8. Do Not Expect Too Much From the End of the World (Radu Jude)

Jude’s abrasive, shape-shifting road movie about an assistant’s never-ending day is momentous, meta, nostalgic, cautionary. it’s ten different things at once and encapsulates perfectly the chaotic zeitgeist of our times. Composed like a collage of materials from classic film stock to Tiktok videos, it also smartly comments on our evolving relationship with images and the sheer inventiveness of its form dazzles. Beneath a surface of hilariously crude jokes courtesy of the protagonist’s unforgettable alter ego, this is a most daring and thoughtful piece of cinema from someone who sees, and cares.    

7. Out of Season (Stéphane Brizé)

The stakes couldn’t be lower in Brizé’s wintry romance about two former lovers who reconnect. And yet. When the writing’s so good, so effortlessly skilled at capturing longings, regrets, and our need to be understood, you realize it truly is the little things that make up the grand, bittersweet human experience. Chemistry between the leads is off the charts; Alba Rohrwacher, in particular, delivers arguably the female performance of the year. Playing a character meant to be ordinary in every way, she lifts and breaks your heart with the most extraordinarily expressive looks that speak a language all their own. 

6. Oppenheimer (Christopher Nolan)

For all the criticism of Nolan’s work for being too technical or humorless, it’s hard not to be wowed by something so intricately, immaculately put together. Every aspect of this audio-visual feat clicks into place with the precision of s Swiss watch. The interwoven timelines deftly evoke the subjectivity of history and memory. Even more remarkably, this is blockbuster filmmaking that trusts the power of words and uses dialogue to dissect the complicated life and legacy of a guilt-ridden genius. At once spectacular and acutely intellectual, it’s that rare biopic that overwhelms the senses and challenges the mind.      

5. Afire (Christian Petzold)

A quintessential auteur film that both mocks the writer’s ego and takes comfort in the authorial omnipotence to give meaning through narrative, Petzold’s fable-like relationship drama is cinema at its most enchantingly lyrical. By turns funny and affecting, it pictures a series of lovestruck discoveries that unfold with the elegance of a novel. Thanks to a wonderfully gifted ensemble cast, plot twists take on the surprise and significance of fate. When the dreamy beats of Wallners’ “In My Mind” drop again at the end, you feel enthralled as by a book you have to re-read as soon as the final page is turned. 

4. May December (Todd Haynes)

A Haynes film bearing the creative DNA of Natalie Portman and Julianne Moore probably can’t help being fierce and fabulous. Everything from the style, the storytelling, the diva-licious performances feels tantalizingly extra, half a pitch above reality. The hypnotic vibes aside, this high-camp melodrama about a former tabloid celebrity and an actress captivates with its investigation of some tricky psychosexual terrain. In a triumph of a first screenplay, Samy Burch’s words build characters so morally ambiguous they illuminate all the things we tell ourselves in order to sleep at night.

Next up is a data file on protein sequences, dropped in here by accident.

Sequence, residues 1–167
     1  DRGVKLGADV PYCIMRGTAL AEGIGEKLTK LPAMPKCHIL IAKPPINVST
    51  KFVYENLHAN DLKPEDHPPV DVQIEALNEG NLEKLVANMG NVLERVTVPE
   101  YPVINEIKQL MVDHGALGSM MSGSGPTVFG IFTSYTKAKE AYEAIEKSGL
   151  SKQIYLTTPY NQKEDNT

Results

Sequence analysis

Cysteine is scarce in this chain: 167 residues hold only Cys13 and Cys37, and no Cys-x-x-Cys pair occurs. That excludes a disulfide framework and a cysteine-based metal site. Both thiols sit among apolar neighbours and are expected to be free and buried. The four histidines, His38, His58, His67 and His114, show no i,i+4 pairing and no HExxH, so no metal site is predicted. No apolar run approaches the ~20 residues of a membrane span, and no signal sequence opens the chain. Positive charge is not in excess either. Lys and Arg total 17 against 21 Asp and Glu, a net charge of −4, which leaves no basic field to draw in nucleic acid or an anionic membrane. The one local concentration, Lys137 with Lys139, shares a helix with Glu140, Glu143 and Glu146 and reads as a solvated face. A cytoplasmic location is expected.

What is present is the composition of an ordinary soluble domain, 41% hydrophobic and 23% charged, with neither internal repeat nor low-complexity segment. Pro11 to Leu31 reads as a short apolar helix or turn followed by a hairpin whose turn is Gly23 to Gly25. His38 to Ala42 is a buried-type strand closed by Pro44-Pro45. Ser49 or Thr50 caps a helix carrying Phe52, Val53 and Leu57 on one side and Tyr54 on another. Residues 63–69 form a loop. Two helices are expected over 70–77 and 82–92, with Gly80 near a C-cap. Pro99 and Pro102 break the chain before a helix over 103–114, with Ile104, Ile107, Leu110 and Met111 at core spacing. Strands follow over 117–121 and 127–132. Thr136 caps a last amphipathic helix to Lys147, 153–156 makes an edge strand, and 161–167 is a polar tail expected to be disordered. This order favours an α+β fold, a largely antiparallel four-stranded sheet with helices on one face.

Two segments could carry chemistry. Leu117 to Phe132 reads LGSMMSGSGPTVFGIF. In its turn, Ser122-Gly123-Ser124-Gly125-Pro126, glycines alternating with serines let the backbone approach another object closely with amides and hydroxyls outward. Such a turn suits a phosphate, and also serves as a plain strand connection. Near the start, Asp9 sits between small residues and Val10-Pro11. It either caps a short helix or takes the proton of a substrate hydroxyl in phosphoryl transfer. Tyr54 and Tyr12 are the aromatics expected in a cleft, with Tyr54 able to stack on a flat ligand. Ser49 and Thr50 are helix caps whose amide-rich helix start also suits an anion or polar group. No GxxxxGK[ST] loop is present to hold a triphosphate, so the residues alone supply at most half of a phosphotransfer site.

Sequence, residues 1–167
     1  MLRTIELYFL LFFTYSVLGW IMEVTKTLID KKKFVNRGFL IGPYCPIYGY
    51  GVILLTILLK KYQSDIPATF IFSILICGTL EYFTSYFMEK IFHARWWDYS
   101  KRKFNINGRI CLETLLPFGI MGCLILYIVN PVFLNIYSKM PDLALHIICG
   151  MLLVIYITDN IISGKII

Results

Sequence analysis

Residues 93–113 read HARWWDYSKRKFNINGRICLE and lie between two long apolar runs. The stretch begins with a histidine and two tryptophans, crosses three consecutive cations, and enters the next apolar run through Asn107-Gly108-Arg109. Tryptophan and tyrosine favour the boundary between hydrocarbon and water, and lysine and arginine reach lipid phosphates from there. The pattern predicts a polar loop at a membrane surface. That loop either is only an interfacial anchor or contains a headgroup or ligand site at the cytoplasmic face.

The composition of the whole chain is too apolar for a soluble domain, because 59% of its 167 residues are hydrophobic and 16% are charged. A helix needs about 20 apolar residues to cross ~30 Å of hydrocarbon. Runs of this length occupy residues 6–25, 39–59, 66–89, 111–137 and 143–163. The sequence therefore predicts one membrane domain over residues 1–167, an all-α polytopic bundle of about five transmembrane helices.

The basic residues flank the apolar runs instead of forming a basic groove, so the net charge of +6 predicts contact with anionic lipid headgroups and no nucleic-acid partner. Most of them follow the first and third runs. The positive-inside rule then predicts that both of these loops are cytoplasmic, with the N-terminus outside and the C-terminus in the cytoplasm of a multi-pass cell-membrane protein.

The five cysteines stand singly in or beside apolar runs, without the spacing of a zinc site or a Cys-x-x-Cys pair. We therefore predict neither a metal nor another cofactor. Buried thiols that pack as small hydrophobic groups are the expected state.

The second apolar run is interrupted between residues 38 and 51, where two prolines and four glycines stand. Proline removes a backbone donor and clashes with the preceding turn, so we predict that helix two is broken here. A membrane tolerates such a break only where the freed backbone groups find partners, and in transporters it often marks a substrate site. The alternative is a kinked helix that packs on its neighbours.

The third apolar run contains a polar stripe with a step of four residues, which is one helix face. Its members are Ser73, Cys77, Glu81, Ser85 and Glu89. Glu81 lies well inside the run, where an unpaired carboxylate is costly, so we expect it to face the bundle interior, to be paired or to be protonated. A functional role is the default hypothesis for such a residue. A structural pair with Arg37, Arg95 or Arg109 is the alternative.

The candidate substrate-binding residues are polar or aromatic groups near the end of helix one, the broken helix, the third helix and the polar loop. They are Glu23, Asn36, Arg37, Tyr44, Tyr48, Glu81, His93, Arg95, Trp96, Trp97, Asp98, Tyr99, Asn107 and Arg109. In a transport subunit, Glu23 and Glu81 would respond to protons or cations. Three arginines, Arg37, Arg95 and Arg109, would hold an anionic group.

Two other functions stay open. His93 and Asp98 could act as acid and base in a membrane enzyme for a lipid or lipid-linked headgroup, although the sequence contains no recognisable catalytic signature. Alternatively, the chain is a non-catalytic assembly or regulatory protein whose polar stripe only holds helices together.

3. Poor Things (Yorgos Lanthimos)

Epic and (literally) balls-out crazy, Lanthimos’ satiric take-down of the patriarchy via a young woman revitalized through her unborn baby’s brain electrifies on all fronts. Emma Stone, Mark Ruffalo, and Willem Dafoe deliver irresistibly juicy star turns. James Price and Shona Heath’s eye-popping production design, Robbie Ryan’s lush, surrealist cinematography, Jerskin Fendrix’s so-weird-it’s-beautiful score further contribute to the realization of one bold, unique vision. A cinematic purge of puritanism and centuries of female repression has no right being so damn fun.

2. The Delinquents (Rodrigo Moreno)

The best kind of storytelling is both surprising as it unfolds and, when it’s over, you can’t imagine things having gone any other way. Moreno’s odyssey of a film explores moral dilemmas following a bank heist, only to morph into an Allen-esque tale of coincidence and romance before reaching a contemplative, poignantly open-ended conclusion. Carried by a diptych of matching performances from Esteban Bigliardi and Daniel Elías, it’s rich, expansive, filled with tonal shifts and narrative twists so unexpected yet jazzily organic they remind you of nothing less than life itself. Mesmerizing.  

1. The Zone of Interest (Jonathan Glazer)

Even among the extraordinary films of 2023––or any other year––Glazer’s fourth feature stands out like an alien being glowing with ghostly brilliance. Fearless in conception and executed with surgical exactitude, this singular exposé on the Holocaust peels away myths surrounding monstrous Nazis to reveal a capacity for evil that’s frighteningly familiar. The entire cast and crew, including DP Lukasz Zal, composer Mica Levi, lead actors Christian Friedel and Sandra Hüller, not only understood the assignment, they redefined what art about the unspeakable, the unthinkable can be. An astonishing achievement.